"Mama, don't let your sons grow up to be cowboys" the song goes, or in our case, sailors and rock climbers—but then again, why not?
We all have high hopes for our children and what they could/should/might do with their lives. Study well, do your best, achieve success, and thus we, parents, will be fulfilled with the satisfaction that we have done our best. But when we plugged our family back into a life on land after 10 years of living and sailing on Cowabunga across seas and continents from Europe to California, maybe it was too much to expect that our sons simply live and plan futures like regular citizens.
In high school, both our sons continued to be sailors. For a while, they were a team, competing together in 49ers, a class of a high performance sailing skiffs ("49er" meaning 4.9 meters or 16 ft.), and individually they cultivated their own crewing and rigging specialties, along with being consistently recruited as crew on other boats. They attended the French Lycée Français high school in San Francisco, a very academic program that didn't leave much room for after-school activities. They filled their weekends with sailing.
When our oldest son, Sean, announced early on in his teens that he wanted to be a professional sailor, we said that was all well-and-good, but that he should have a Plan B, specifically, to pursue a college degree that he could plug in somewhere down the line in order to get by should the need arise (which we were most sure it would). After all, both his father and mother (Michel and I) had college degrees and professions other than being sailors that we were able to fall back upon when the need arose. On occasion during our 10 years of a cruising vagabond life, we would have to plug back into the real world to make money in order to continue on our sailing journey.
Sean did give it the old college try, literally. He dutifully enrolled at the local junior college, but he never really got off to a good start. There was always a crucial regatta the same day of a lecture, or an exam. Or there was some all-important yacht club function where he just had to make an appearance, mingle, and cull his contacts. Sean was, and is, good at this. "Networking" and "marketing" we call it today. Anything that had to do with sailing and could be seen as an important stepping-stone toward his advancement to his goal of sailing for a living always trumped whatever else was on his calendar. Consequently, school courses fell by the wayside and were soon forgotten altogether. Aside from his promising abilities early on as a bowman—the one who manipulates the spinnaker and all other sails the most forward of the boat—he learned the craft of sailmaking when he worked at North Sails, and the intricacies of boat rigging as he repaired and created systems for boats. Today, Sean has made a lucrative career as a professional bowman, and is one of a small elite group of international professional sailors, criss-crossing oceans in high stake regattas. He has amassed an impressive resumé of well-known sailing events under his belt (or harness in his case) including an America's Cup regatta.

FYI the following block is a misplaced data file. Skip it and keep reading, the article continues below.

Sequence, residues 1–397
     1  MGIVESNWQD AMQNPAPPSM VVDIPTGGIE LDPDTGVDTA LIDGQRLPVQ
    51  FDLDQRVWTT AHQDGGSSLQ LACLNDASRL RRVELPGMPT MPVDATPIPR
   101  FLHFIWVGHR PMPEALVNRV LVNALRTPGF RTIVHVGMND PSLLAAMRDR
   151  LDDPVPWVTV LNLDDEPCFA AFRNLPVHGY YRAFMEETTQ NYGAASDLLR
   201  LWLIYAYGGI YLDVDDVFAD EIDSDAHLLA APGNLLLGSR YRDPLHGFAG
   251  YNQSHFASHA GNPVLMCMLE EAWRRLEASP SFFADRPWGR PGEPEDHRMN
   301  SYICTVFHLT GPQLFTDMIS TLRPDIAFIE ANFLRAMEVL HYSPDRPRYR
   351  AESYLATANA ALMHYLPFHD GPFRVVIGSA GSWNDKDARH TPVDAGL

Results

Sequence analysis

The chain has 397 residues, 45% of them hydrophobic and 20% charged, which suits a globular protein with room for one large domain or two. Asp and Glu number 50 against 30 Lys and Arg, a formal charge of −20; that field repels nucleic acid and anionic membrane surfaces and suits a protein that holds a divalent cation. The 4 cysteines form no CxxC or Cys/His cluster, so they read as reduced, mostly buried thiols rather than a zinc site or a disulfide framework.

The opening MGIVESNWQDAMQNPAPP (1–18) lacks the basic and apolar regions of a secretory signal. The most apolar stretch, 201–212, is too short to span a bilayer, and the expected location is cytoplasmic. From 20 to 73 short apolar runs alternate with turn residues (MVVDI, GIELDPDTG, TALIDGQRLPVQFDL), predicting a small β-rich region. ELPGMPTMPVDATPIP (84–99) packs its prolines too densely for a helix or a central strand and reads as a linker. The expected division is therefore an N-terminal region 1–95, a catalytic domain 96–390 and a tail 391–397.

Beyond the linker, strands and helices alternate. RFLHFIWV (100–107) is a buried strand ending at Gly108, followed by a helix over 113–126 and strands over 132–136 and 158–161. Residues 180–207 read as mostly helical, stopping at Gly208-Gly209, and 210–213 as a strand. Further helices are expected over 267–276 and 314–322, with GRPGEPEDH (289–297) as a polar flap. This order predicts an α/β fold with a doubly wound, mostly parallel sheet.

Our second son, Brendan floundered somewhat after high school, not sure of what he wanted to do, or what direction he wanted to take. He had a multitude of interests and aptitudes, and he was becoming disenchanted with sailing altogether. He was always drawn to the outdoors—a logical connection since he had always lived out there while on Cowabunga, since his birth. Camping, hiking, skiing, rock climbing, isolation in the wilderness…he wanted, did, (and still does) it all.
Brendan harbors a deep-rooted disdain for all things regimented and most especially a rigid school environment (specifically being in a classroom with walls, desks, and windows!) but nonetheless he was a good student if the subject interested him and he could envision the ultimate outcome. When he finally alighted upon his niche as a paramedic/firefighter (ironically, a somewhat "regimented" profession, but nevertheless adrenaline-based), he pulled out all the stops, garnering top honors with a degree in kinesiology, followed by paramedic school. Above all, Brendan seeks freedom to pursue his dreams and activities, and such a profession affords him the time to indulge in his passion: rock climbing.
The upshot is, our children didn't follow a straight line, and they still don't. In their current lives as fathers, they eschew much of cultural dogma, and stand their ground with definite ideas and principles. We didn't trace a straight line for them, so we couldn't expect them to follow one. Yes, it is hard to leave them be when they hit the threshold to the world after high school. One has to let go, take a leap of faith, and hope that they figure it out on their own.
Both Michel and I certainly veered from what our parents thought we should do. We also needed to remember that during the first 10 years of their lives, Sean and Brendan didn't see us being "professionals" outside the home. They didn't see their father as an architect, nor me as a journalist. They only saw us two as sailors, day in and day out.
We had to hope that we gave our children the tools and know-how to craft their lives successfully, hoping that the jumble in their adolescent and young adult brains would all sort itself out. The old adage to "follow your heart, do what makes you happy, and good things will happen," isn't always easy or true, but our boys are products of the spirit of Cowabunga, and if she could make it through storms and the bad times, so can they—and they do!